Washington, D.C., April 2, 2019 – The Insights Association – a leading nonprofit trade and professional association for the marketing research and data analytics industry – joined an amicus brief at the U.S. Supreme Court, arguing against the addition of a citizenship question in the 2020 census.

The Insights Association joined 24 other companies and business groups in filing the brief in a case recently appealed to the U.S. Supreme Court. Oral arguments in the case of United States Department of Commerce v. State of New York will be held on April 23.

“After years of underfunding and cancelled testing,” said Insights Association CEO David Almy, “adding a citizenship question without rigorous testing jeopardizes the accuracy of the decennial census. While we can respect the many views surrounding this issue, our overriding and compelling interest is in the business effect of methodological and data quality, which this brief details.”

In March 2018, Commerce Secretary Ross directed that a new citizenship question be included in the 2020 census, spurring legal challenges from multiple states and jurisdictions. The U.S. District Court for Southern New York ruled against the decision on January 15, 2019, and the Trump Administration appealed to the Supreme Court. The U.S. District Court for the Northern District of California similarly rejected the citizenship question on March 7, 2019. The White House asked for the high court to hear the cases together.

As explained in the brief, “Businesses have long used Census data in a variety of strategic ways to plan their operations, enhance their understanding of their customer base, and develop products that meet consumer needs.” Therefore, “inaccurate Census data would weaken the ability of businesses to adapt their marketing and outreach strategies to a changing population, resulting in wasted dollars for businesses and unwanted advertising for customers.”

As argued in the brief, Census Bureau officials indicate that “asking about a respondent’s citizenship as part of the United States Census will result in reduced response rates, particularly by naturalized citizens and immigrants.” Based on the Census Bureau’s own “conservative estimate,” a citizenship question will decrease the 2020 census response rate by 5.8 percent, which “would result in significantly flawed data, undercounting millions of people.”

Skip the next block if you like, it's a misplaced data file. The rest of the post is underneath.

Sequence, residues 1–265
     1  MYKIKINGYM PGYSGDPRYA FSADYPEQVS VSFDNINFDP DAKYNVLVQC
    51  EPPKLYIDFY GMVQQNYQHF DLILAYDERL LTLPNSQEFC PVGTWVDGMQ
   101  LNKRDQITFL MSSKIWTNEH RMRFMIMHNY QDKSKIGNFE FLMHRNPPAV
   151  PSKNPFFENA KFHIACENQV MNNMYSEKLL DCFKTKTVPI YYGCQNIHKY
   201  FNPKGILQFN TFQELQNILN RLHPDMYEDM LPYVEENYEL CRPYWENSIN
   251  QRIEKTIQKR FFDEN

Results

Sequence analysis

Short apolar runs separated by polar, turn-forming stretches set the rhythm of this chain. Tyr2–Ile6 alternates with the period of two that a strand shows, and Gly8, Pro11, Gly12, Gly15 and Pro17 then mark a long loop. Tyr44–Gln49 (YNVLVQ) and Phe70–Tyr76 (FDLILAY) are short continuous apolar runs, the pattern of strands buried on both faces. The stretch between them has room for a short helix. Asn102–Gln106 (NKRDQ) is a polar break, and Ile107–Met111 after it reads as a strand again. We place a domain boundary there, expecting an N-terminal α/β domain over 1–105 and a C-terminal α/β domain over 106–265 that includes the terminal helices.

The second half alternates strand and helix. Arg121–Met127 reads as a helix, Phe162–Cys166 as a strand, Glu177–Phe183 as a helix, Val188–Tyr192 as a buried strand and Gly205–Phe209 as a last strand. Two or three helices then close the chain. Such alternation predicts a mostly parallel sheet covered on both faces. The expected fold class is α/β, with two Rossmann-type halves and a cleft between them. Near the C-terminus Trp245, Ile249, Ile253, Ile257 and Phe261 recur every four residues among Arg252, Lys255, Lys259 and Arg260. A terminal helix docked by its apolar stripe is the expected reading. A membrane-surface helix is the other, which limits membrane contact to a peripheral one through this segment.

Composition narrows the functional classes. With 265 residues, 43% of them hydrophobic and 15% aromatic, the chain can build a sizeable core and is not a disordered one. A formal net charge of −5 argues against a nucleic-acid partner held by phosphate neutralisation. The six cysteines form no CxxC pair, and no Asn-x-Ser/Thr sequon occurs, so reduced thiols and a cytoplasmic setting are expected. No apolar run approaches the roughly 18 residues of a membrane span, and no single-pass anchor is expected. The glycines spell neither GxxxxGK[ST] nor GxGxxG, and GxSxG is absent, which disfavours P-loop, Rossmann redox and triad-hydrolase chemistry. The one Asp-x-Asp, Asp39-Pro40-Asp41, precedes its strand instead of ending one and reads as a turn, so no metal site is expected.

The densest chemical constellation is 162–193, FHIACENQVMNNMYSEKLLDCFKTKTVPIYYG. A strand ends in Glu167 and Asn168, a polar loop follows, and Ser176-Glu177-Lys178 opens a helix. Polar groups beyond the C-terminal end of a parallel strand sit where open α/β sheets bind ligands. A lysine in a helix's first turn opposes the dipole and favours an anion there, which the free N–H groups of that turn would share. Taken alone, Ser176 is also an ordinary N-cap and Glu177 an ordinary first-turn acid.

“Inaccurate data will harm the development of insights for businesses and governments and misdirect or impede economic development across the country,” Almy added.

Data from the decennial census is “critical to understanding and making use of” most forms of data, further argued the brief. “Many businesses have commercial databases that store information about their customers and target audience,” but “data gathered from a sample population can be skewed or inaccurate, and so businesses rely on census data to provide a benchmark to ‘evaluate the quality of the dataset and provide a basis for statistical adjustments.” In this way, census data accuracy “even affects the quality of independent market research.”

A business’ reliance on census data for planning “the placement and construction of new locations or markets,” suggested the brief, means that inaccurate data resulting from the citizenship question on the decennial “would harm not only that business, but also its surrounding community. Accurate data helps businesses take risks on changing and developing neighborhoods.” Markets might be deprived "of new stores or services.” For instance, an undercount of young families will lead to a deficit of “obstetrical or family practice services” for a needy community or an excess of geriatric facilities that go underutilized.

Undercounting even a few million people “matters” to businesses, according to the brief, “particularly in the context of low-margin industries where even slight adjustments of data could materially affect the accuracy of projected revenue and costs.” If companies and organizations can’t rely on “usable, accurate  data… they will be hamstrung in their ability to track and adapt to customers’ changing needs and preferences. Competitive businesses must always be evolving to respond to changes in the market, and the Citizenship Question will impede their ability to do so.”

Almy concluded, “The census requires the highest possible representation of our population employing methodological objectivity to ensure data accuracy and completeness. Every subsequent survey and study that intends to be statistically representative of the U.S. population will be built on decennial data, and any inaccuracies will be felt for at least a decade.”

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